The functions of MSCs spanning from cell replacement to immunosuppression and trophic factors production, have gain a lot of interest with increasing application in regenerative medicine and immune intervention in both experimental models and clinical trials. MSCs are known to interact with inflammatory cytokines and greatly influence both adaptive and innate immune systems via producing immunomodulatory particles that control the progression of inflammation by affecting cells like macrophages, T cells, NK cells, dendritic cells and B cells [46, 47]. By employing these properties, MSC application in IBD has been applied to achieve cellular replacement, immunosuppression and other trophic actions, together resulting in highly promising outcomes in clinical trials [48, 49] and experimental studies [50, 51]. MSC-therapy in IBD is mainly administered through systemic infusion or local inoculation. MSC extracts have also been applied in certain conditions. In one study that sought to overcome the low homing capacity of MSCs and augment their therapeutic influence, MSC extracts were used instead of whole cells in treating severe refractory IBD. Results indicated that the MSC extracts were highly potent than whole MSCs in reducing DAI, nitrite levels and the histological score. The extract totally inhibited the induction of inflammatory cytokines, recovered the destroyed epithelial barriers and shifted macrophage from M1 to M2 via reducing the levels of Chemokine (C–X–C motif) ligand 9 (CXCL9), monocyte chemoattractant protein-1 (MCP1) and inducible nitric oxide synthase (iNOS), but increasing the expression of Chemokine (C–C motif) ligand 1 (CCL1), IL-10, and Arg-1 [52]. Some clinical trials involving MSC-based therapy in IBD are summarized in Table 2.

Table 2 Application of MSC-based therapy in IBD clinical trials

Application in UC

Several clinical trial studies have investigated the safety and therapeutic influence of MSCs in UC. In one of such studies, the diffused and deep ulcers formed as well as severely inflamed mucosa of 30/36 (83%) participants were greatly improved at 1 month post MSC treatment [53]. Systematic review and meta-analysis of clinical and experimental studies was recently conducted on MSC-based therapy in UC. Out of the 15 studies included in the analysis, 7 were human (n = 216) trials and 8 were animal (n = 132) studies. The data showed that animals given MSCs had significantly lower DAI, longer colon length and lower histopathological score compared with control group. The clinical trials analysis also indicated an obvious recovery with single-arm studies analysis of four trials demonstrating an increased healing rate of 0.787 post-MSC treatment [59]. One of the challenges of MSC-based therapy is the issue of dosage and frequency of administration. In investigating the dose dependency of MSC therapy in colitis, Robinson et al. reported that, increasing doses above 1 × 106 MSCs does not add additional therapeutic benefits than 1 × 106 MSCs in preventing enteric neuropathy associated with intestinal inflammation [60]. Several other recent studies have also focused on enhancing the inherent therapeutic properties of MSCs to ensure consistency and efficacy in their application. For an example, the co-administration of the experimental drug MIS416 and human umbilical cord MSCs, exerted significant therapeutic efficiency consequently alleviating the symptoms of colitis as compared to the single MSC treatment [61]. The MIS416 was found to modulate the colon immune milieu via nucleotide-binding oligomerization domain-containing protein 2 (NOD2) and toll-like receptor 9 (TLR9) signaling activation, causing the MSCs to be readily recruited to the injury site to inhibit inflammation. Again, treatment of colitis with preconditioned MSCs resulted in an improved therapeutic effects characterized by increased body weight recovery, reduced DAI, reduced histological colitis score and decreased destruction of the epithelial barrier [62]. Further analysis revealed the activation of the extracellular signal-regulated kinases (ERK) pathway (inducing anti-apoptotic effects), suppression of T cell proliferation and inhibition of inflammatory cytokines TNFα and IL-2 whilst triggering the production of the anti-inflammatory cytokine IL-10 in T-cells.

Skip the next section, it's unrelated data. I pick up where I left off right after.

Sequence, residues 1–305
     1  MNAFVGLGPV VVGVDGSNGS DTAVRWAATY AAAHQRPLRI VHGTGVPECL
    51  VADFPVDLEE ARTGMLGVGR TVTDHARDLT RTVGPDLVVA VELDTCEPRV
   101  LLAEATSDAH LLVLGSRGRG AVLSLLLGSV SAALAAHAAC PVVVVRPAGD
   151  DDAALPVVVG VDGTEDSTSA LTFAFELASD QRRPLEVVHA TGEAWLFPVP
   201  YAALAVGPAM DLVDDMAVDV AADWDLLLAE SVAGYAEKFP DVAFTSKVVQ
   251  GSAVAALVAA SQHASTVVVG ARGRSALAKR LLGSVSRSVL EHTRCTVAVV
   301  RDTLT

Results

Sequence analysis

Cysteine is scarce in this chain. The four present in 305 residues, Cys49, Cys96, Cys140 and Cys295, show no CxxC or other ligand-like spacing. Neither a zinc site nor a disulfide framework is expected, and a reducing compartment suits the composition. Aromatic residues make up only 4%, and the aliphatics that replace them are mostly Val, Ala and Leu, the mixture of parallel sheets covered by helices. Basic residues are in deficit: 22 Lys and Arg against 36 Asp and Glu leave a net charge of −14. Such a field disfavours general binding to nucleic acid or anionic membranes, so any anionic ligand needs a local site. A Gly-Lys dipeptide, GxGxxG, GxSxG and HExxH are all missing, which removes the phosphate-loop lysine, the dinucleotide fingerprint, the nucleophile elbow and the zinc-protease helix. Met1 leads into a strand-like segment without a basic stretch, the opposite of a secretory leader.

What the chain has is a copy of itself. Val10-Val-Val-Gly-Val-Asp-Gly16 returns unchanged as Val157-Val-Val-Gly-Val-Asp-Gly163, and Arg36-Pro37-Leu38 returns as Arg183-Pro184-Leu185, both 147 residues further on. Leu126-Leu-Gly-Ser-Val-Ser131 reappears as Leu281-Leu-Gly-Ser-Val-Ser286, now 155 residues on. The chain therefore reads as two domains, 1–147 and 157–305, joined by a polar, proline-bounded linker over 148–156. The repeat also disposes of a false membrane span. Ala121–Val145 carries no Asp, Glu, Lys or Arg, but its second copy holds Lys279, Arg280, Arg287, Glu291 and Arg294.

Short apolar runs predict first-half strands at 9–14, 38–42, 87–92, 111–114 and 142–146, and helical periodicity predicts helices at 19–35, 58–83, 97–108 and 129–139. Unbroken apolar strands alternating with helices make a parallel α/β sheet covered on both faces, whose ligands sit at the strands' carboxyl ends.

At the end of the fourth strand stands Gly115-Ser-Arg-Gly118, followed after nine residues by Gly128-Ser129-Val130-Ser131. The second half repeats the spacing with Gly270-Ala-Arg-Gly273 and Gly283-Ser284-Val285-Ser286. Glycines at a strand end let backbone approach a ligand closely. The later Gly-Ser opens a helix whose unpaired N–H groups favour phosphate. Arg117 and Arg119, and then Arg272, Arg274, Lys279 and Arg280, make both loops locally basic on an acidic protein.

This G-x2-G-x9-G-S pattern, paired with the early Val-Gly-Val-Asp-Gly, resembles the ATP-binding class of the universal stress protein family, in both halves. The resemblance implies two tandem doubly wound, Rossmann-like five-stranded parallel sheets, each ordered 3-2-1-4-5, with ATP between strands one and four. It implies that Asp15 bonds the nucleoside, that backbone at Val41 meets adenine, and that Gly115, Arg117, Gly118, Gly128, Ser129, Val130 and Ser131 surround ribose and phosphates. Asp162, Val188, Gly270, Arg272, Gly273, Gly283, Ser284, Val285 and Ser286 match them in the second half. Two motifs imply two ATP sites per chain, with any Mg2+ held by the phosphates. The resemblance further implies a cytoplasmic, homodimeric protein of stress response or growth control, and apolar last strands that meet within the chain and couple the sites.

Application in CD